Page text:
Russia denies plans for new navy bases abroad

Russian destroyer Admiral Vinogradov seen in the Chinese port of Qingdao on 23 April 2012, ahead of Chinese-Russian naval exercises (file picture) Russia has been seeking a greater international role for its navy.

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Russia's Defence Ministry has denied reports Moscow its planning to set up its first new overseas navy bases since the 1991 collapse of the Soviet Union.

Earlier, a news agency quoted Russia's navy chief as saying that Cuba, Vietnam and the Seychelles were being considered as possible sites.

But the ministry said that Vice Adm Viktor Chirkov had never made the alleged remarks.

A lack of money after 1991 led to the closure of most Russian bases abroad.

It closed a base in Vietnam in 2002, and currently has bases only in Ukraine and Syria. President Vladimir Putin has pledged to restore Russia's military might.

In recent years, Moscow has expanded its navy's operations overseas, including by taking part in international anti-piracy operations near Somalia.

"It's true that we are continuing work on providing the navy with bases outside the Russian Federation," the RIA-Novosti news agency quoted Vice Adm Chirkov as saying in an interview.

According to the agency, he added that Moscow was "working out the issue of creating sites for material and technical support on the territory of Cuba, the Seychelles and Vietnam".

'Fantasy'

However, the defence ministry later insisted Vice Adm Chirkov had said no such thing, and that the subject had not been broached during the interview.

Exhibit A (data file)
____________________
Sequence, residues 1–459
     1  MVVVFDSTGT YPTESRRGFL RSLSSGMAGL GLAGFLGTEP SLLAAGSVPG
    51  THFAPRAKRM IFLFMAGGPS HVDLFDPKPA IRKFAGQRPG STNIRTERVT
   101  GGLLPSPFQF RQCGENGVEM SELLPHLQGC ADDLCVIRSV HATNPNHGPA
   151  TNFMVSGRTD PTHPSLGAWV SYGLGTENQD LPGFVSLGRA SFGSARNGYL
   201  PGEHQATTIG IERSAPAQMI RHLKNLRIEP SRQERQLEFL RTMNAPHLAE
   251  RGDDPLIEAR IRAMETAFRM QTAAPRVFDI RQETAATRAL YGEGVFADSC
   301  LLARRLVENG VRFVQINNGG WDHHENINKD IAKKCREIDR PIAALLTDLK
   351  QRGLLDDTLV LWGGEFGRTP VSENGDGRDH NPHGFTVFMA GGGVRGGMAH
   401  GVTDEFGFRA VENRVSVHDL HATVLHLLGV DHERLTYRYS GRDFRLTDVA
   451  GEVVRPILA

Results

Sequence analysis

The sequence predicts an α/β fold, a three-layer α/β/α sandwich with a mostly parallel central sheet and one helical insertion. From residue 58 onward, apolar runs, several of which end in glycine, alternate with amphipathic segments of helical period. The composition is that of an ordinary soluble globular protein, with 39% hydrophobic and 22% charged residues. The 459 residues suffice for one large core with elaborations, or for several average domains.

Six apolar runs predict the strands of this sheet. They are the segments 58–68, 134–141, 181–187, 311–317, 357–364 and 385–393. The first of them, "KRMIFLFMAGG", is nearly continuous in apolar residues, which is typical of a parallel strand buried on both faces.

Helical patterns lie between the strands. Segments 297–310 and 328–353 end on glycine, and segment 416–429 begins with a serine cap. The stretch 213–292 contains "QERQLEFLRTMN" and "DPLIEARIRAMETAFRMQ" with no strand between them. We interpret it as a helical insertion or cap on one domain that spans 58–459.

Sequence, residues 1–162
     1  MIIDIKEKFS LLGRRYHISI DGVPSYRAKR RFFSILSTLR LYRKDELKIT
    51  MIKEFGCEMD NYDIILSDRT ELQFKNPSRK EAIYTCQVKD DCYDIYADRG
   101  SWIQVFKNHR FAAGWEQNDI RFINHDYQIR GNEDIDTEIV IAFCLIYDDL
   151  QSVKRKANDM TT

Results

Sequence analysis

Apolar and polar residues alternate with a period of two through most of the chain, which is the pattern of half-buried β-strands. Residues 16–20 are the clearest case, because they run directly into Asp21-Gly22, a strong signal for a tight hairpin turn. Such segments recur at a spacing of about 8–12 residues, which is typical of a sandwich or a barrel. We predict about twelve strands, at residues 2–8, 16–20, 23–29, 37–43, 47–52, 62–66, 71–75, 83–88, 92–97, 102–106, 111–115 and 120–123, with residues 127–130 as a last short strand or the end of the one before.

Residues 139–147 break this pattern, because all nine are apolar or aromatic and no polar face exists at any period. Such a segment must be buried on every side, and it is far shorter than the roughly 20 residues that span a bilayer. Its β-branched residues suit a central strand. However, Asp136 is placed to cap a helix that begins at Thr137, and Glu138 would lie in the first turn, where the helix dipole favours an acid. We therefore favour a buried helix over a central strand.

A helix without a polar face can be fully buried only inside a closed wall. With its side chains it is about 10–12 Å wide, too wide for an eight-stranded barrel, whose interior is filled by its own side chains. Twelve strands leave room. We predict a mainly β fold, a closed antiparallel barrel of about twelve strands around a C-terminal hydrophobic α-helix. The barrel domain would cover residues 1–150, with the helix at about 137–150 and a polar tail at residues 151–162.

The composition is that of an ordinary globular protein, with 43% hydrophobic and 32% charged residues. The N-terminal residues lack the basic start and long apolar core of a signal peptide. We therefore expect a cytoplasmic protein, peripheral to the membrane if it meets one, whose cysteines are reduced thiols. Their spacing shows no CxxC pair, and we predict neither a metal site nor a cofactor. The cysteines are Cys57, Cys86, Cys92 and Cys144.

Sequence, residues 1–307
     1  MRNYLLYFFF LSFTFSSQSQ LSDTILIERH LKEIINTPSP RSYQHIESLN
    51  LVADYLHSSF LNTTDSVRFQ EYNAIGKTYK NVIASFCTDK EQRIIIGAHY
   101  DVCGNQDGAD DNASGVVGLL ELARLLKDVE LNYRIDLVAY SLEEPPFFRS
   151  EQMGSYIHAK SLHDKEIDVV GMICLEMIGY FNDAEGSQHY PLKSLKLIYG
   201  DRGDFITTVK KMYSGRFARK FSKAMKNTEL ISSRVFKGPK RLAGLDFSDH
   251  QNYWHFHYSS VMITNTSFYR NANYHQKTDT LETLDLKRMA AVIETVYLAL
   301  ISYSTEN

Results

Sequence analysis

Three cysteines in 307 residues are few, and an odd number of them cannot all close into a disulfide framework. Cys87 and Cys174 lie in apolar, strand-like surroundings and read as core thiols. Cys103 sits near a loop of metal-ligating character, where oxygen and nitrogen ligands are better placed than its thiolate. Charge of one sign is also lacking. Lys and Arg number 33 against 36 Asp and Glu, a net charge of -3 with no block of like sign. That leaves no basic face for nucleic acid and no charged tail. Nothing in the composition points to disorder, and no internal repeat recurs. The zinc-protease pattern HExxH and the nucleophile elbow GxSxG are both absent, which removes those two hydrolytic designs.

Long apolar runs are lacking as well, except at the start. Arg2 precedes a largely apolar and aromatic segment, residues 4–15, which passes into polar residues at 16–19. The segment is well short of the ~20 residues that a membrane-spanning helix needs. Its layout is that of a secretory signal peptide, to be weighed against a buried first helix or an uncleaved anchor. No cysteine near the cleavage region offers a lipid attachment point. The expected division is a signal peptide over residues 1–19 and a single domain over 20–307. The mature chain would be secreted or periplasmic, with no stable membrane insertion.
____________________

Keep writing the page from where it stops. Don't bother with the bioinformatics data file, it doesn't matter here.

"Issues concerning international relations are not part of the responsibilities of the commander-in-chief of the navy," the ministry said in a statement posted on its website.

It added that the reported remarks were a "fantasy of their author, who preferred to prioritise sensationalism above competency and professional ethics".

In 2002, during Mr Putin's first term as president, Russia pulled out of the Cam Ranh base in Vietnam, opened in its then-communist ally at the height of the Cold War in 1979.

The closure came after the the original 25-year lease expired and Vietnam demanded a higher rent, but analysts say a desire to improve relations with the United States also played a role.

The country's remaining overseas bases are in Sevastopol, in Ukraine, where Russia's Black Sea Fleet is housed, as well as a small logistical support base in the Syrian port of Tartus.

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